By The Clapham Institute | “The great enemy of clear language is insincerity,” wrote George Orwell, who warned of governments resorting to “long words and exhausted idioms” to mask unsavory behavior.
With Orwell in mind, you might want to see “Zero Dark Thirty,” the movie that intimates (or is at least ambiguous about) the role of “enhanced interrogation” in extracting information useful to tracking Osama bin Laden. Viewers can decide whether or which “enhanced interrogation” measures depicted – slaps, sleep deprivation, humiliation, water-boarding – constitute, in plain English, torture.
More importantly . . . is asking whether obfuscation is the result of the Enlightenment. Neuroimaging reveals the Enlightenment’s predilection for prose produces societies where words lose any meaningful connection with reality. In the Bible, this is the central thrust of Satan’s work. “Enhanced interrogation” measures are not the first instance of muddy language. America’s Vietnam failure was foretold when U.S. officials began calling air attacks on North Vietnam “protective reaction strikes,” a semantic obfuscation that revealed moral queasiness.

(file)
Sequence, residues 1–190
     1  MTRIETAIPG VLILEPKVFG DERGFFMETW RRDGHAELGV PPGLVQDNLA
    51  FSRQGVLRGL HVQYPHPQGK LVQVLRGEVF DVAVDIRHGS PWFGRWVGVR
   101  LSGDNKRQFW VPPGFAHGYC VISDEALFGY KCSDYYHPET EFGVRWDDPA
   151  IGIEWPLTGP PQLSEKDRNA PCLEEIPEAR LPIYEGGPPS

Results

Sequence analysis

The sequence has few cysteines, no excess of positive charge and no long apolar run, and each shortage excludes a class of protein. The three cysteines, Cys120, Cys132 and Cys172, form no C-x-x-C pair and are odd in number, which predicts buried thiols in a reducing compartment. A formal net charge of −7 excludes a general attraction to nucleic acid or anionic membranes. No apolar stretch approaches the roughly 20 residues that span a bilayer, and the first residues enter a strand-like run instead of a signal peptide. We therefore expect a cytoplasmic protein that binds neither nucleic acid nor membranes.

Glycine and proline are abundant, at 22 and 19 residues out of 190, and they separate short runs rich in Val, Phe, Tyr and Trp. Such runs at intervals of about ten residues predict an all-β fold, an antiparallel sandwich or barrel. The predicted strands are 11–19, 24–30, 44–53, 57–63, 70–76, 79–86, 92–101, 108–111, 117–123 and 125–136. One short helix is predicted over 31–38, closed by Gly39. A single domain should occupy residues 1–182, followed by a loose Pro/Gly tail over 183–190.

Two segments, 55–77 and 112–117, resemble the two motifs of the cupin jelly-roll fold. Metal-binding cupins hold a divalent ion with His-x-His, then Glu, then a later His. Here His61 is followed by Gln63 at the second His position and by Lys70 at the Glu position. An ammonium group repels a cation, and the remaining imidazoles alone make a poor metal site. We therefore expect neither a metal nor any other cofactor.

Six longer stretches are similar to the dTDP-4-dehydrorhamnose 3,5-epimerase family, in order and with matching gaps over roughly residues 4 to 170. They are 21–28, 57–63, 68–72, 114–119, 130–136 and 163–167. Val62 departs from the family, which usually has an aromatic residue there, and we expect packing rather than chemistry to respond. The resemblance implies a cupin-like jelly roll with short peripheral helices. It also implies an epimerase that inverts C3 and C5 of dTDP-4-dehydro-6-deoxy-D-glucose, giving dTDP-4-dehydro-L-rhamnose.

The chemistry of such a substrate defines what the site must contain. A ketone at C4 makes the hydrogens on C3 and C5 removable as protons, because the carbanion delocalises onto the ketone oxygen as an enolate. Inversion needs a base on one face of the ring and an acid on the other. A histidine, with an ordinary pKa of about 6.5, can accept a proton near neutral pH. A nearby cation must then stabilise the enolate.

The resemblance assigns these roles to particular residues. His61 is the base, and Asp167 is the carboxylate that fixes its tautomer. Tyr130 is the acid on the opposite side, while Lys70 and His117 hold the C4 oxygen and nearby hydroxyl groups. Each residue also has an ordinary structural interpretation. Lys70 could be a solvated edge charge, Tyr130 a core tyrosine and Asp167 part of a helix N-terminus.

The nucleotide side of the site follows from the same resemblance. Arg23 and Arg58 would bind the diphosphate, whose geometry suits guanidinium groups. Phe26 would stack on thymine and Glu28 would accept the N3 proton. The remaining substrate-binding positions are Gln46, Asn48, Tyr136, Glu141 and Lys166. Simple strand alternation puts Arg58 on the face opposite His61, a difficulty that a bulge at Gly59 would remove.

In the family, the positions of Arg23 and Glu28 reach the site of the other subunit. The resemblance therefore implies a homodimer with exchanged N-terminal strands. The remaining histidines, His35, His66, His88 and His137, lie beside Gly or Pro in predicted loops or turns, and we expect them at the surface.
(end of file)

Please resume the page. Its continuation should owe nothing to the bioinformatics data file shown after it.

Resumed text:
Is America’s economic collapse being foretold as U.S. officials call the plain printing of money “quantitative easing” – an obfuscation indicating economic unsustainability? If so, we ought to be calling for language that has a meaningful connection with reality.